I knew I was limited for the replica since I did not have the exact model that Lorna Simpson used. Nevertheless, I proposed myself to make it seem as similar as possible. I asked my friend Bailee Mason to model for my replica, lighting kit, and an external flash for my digital camera a Sony a7. I set up the entire photoshoot during the Integrative Studio class. I spent around two hours with Bailee trying to get the right angle and lighting. We did not achieve the exact lighting even though we spent that long working on it. Therefore, most of my work was done in my computer on Photoshop. The photos I had of Bailee did not have a background that was pure black as the one in “ID.” I first selected the images that I thought could be the most effective replicas, and when I decided which ones I was going to use for the panel of “identity” and “identify”, I made masks and edited the background color. I also played with the levels, the exposure/contrast, and the temperature of my photographs. After I had my photographs fully edited, I included the words “identify” and “identity” on top of them to get my replicas ready.
Process Photos Replica
For my inspiration piece the process was slightly different. I thought first on what message I wanted to convey with my piece. I thought of which were Lorna Simpson’s most touched upon topics, and most of them had to with inequalities. From there, I brainstormed on disparities that I felt strongly about, and I came up with economic inequalities. I talked with Professor Charlotte about what was my inspiration for this, which was my cousin who is currently on a coma in Venezuela, and her economic stance does not allow her to be taken care of by the best doctors. With my piece, I wanted to make a commentary on how some of us are born with privilege and some are not (and how sometimes this seems to be a matter of luck).
With this in mind, I looked again at Lorna Simpson’s photographs and got inspired by “Plaques” (1986), and “Bio” (1992).
“Plaques” touches upon a sense of luck by including the game rock, paper, scissors, and how the race you are born with sometimes seems to feel like luck, and how she does not understand the way that works. Also, in that oeuvre Simpson cut her photographs in circles which I thought was interesting. I was also inspired by “Bio” because it touches upon how we are born (our biology), the way life treats us and the way we treat it back (biography), and how we are after we die (biopsy). This oeuvre was fascinating to me because I thought it related to the idea of being born as part of a lower class, and how sometimes it seems to be a game of cards, and how that game can either stay the same or vary during your lifetime.
To convey the message I was interested in, I brainstormed once again. I thought of including the element of luck by including a coin and the heads and tails gambling game. I wanted to show how the monetary privilege we are born with seems to me like a game. After having three iterations, I decided to create a photo-based piece in which the first thing you notice is the photograph of a coin in both of its sides, and the “heads” and “tails” words that go with that. Then I decided to show what would happen if you get either option. I first had an idea of taking a photograph of a window that took you to another window, and then for the tails just have a closed wall. I tried taking that idea into practice, but it was not effective. You could not tell what the photographs were; it was very confusing. As a consequence, I thought of another idea which I thought to be more effective. I wanted to have the same photo of a hotel food cover, and to have below that a photo of a plate filled with food, and a plate with nothing in there. I ended up using that idea. Unfortunately, I could not find a real hotel food cover and instead bought a microwave cover for food. I spray painted in silver the microwave cover to make it look more like the cover I had in mind. I photographed the coins, the microwave cover, and the plates (with and without food), and then I edited the colors in Lightroom and cut the borders of each photograph in Photoshop. I also found a font similar to the one Lorna Simpson uses in her pieces to make the tags of “heads” and “tails.”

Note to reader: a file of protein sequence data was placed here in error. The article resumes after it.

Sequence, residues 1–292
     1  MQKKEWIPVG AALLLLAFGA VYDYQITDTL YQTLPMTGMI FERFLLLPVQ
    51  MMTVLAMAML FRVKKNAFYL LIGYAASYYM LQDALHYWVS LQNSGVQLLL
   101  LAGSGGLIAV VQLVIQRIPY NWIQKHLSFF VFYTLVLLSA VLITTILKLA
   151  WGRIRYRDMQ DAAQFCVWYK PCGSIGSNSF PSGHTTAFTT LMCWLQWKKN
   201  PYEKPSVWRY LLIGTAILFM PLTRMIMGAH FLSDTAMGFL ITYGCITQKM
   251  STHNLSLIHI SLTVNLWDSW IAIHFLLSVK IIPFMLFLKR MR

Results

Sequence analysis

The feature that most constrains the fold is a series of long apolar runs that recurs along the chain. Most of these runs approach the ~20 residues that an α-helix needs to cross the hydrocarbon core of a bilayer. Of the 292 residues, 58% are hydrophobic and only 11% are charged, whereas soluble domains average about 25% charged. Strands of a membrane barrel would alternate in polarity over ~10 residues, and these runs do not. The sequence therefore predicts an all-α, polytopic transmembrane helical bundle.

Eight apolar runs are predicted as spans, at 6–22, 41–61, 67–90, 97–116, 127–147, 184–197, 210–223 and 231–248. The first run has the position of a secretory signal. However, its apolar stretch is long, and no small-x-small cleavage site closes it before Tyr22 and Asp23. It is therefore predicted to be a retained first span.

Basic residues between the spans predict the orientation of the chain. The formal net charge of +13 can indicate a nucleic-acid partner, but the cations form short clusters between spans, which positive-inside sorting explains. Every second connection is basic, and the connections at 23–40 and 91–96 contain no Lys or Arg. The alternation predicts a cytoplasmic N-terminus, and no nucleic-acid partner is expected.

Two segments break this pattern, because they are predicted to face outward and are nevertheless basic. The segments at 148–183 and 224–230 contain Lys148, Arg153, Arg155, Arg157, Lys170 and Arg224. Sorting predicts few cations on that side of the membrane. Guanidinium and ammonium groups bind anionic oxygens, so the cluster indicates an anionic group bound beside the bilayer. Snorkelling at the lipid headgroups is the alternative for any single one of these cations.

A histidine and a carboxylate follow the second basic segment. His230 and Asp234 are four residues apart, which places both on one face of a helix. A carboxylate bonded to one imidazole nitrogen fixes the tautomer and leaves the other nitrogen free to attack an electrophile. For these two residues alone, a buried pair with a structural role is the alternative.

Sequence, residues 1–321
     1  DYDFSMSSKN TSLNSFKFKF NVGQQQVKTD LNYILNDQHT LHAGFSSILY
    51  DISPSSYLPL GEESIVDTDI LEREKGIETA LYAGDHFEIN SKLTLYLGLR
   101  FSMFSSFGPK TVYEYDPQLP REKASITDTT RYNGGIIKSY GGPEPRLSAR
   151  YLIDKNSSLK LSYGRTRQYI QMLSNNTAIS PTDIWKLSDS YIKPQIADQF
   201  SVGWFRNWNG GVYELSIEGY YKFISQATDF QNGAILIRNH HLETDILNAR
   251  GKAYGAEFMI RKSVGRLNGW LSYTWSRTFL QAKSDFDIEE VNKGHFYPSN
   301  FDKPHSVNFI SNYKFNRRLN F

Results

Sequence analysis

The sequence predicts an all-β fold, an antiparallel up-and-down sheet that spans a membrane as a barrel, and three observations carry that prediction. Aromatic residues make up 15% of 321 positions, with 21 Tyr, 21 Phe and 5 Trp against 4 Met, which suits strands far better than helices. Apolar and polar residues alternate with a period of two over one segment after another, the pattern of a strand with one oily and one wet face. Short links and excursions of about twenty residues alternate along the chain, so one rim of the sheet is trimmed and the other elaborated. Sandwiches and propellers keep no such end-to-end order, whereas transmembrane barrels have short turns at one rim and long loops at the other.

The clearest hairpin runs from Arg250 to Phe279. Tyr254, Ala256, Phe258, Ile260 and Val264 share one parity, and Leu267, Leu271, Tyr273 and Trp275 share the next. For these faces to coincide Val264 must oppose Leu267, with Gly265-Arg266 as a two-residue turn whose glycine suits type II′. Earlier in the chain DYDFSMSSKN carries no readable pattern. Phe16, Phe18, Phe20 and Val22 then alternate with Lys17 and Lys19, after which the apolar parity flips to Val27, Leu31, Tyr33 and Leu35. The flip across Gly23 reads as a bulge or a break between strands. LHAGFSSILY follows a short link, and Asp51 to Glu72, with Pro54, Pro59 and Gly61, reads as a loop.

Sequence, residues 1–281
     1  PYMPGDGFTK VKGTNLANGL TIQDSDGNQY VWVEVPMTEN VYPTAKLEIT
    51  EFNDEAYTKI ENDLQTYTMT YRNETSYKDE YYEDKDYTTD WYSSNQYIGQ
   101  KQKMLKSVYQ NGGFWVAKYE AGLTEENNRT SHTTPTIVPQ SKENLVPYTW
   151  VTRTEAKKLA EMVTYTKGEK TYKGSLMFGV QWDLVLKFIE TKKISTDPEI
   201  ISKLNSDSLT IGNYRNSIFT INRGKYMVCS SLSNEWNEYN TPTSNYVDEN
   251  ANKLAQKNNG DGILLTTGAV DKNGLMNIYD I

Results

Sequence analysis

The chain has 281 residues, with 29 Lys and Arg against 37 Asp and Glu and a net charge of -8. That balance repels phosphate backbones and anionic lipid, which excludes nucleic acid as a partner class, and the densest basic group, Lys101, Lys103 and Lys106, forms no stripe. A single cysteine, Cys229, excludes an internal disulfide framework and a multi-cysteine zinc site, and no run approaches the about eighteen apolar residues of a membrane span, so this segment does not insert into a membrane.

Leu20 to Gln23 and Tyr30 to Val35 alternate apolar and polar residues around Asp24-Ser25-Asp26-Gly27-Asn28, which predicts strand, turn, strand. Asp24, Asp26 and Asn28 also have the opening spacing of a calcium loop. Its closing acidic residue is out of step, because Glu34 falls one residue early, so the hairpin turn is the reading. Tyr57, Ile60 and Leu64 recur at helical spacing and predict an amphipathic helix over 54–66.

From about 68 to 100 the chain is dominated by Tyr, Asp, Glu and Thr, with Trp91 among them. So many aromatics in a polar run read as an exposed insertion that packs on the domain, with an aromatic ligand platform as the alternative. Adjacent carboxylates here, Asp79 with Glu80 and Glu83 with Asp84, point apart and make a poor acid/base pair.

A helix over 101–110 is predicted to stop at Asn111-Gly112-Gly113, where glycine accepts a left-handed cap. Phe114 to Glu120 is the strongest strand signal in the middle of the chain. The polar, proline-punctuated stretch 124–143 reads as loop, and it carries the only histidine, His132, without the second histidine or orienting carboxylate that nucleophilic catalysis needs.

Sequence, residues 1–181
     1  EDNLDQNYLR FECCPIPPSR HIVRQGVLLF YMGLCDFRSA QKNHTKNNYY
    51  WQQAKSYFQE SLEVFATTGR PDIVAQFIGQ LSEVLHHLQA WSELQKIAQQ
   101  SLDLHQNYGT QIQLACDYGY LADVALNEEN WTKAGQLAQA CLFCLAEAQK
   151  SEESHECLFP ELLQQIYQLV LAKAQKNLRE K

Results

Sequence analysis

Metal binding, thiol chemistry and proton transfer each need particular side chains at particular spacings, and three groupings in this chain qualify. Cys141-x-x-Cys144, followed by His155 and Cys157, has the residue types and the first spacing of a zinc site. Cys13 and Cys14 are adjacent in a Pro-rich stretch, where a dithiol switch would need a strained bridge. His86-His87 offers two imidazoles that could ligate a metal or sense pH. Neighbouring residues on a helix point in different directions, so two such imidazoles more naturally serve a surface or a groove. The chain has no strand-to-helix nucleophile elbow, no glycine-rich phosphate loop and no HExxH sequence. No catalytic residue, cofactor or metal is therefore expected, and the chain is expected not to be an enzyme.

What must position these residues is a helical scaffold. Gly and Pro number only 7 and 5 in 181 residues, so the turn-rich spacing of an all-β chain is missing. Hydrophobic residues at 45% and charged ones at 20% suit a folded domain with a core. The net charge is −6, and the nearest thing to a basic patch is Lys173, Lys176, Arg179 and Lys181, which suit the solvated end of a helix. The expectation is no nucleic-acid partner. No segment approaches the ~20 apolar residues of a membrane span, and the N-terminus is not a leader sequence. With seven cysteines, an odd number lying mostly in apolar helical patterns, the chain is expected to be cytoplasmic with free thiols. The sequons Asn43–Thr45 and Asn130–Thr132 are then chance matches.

During the critique, I heard mixed comments on my inspiration piece. There seemed to be a confusion as to what was the microwave cover was. Most people in the class thought it was a bottom. I was told that the message I wanted to convey was not clear enough without a real image of the hotel food cover. If I had the chance to do it again, I would try to find a real hotel food cover.
Process Photos Inspiration Piece
Making my final studio projects was an exciting task. I enjoyed studying an artist of my interest, learning from her process, trying to replicate and then getting inspired from it. I also learned from the projects that the rest of my class did. I became particularly interested in Sophie Calle and Otto Dix. I find intriguing how Calle used to follow individuals to get very personal stories from them and to make her art to talk about someone else’s truth and not only her. From Dix, I found it is incredible how he wants to show the imperfections of the individuals. Undoubtedly, I will continue studying different artists and designers in my career in the arts.
Brownuniversity. “Lorna Simpson, Artist Talk 10.8.15.” YouTube, YouTube, 2 Dec. 2015, www.youtube.com/watch?v=vDD7pCLwoxg.
TEDxTalks. “Lorna Simpson at TEDxMet.” YouTube, YouTube, 18 Dec. 2013, www.youtube.com/watch?v=xufVY0yEeFQ.
DaveVisionProducer. “Artist Lorna Simpson, Part 1: Photographer, Printmaker.” YouTube, YouTube, 5 Dec. 2011, www.youtube.com/watch?v=K2FVk10GEiw.
tate. “Lorna Simpson – Studio Visit | TateShots.” YouTube, YouTube, 20 Mar. 2014, www.youtube.com/watch?v=dNk098ffjLM.
“Lorna Simpson Studio.” Lorna Simpson Studio, www.lsimpsonstudio.com/#s=0&mi=2&pt=1&pi=10000&p=4&a=0&at=0.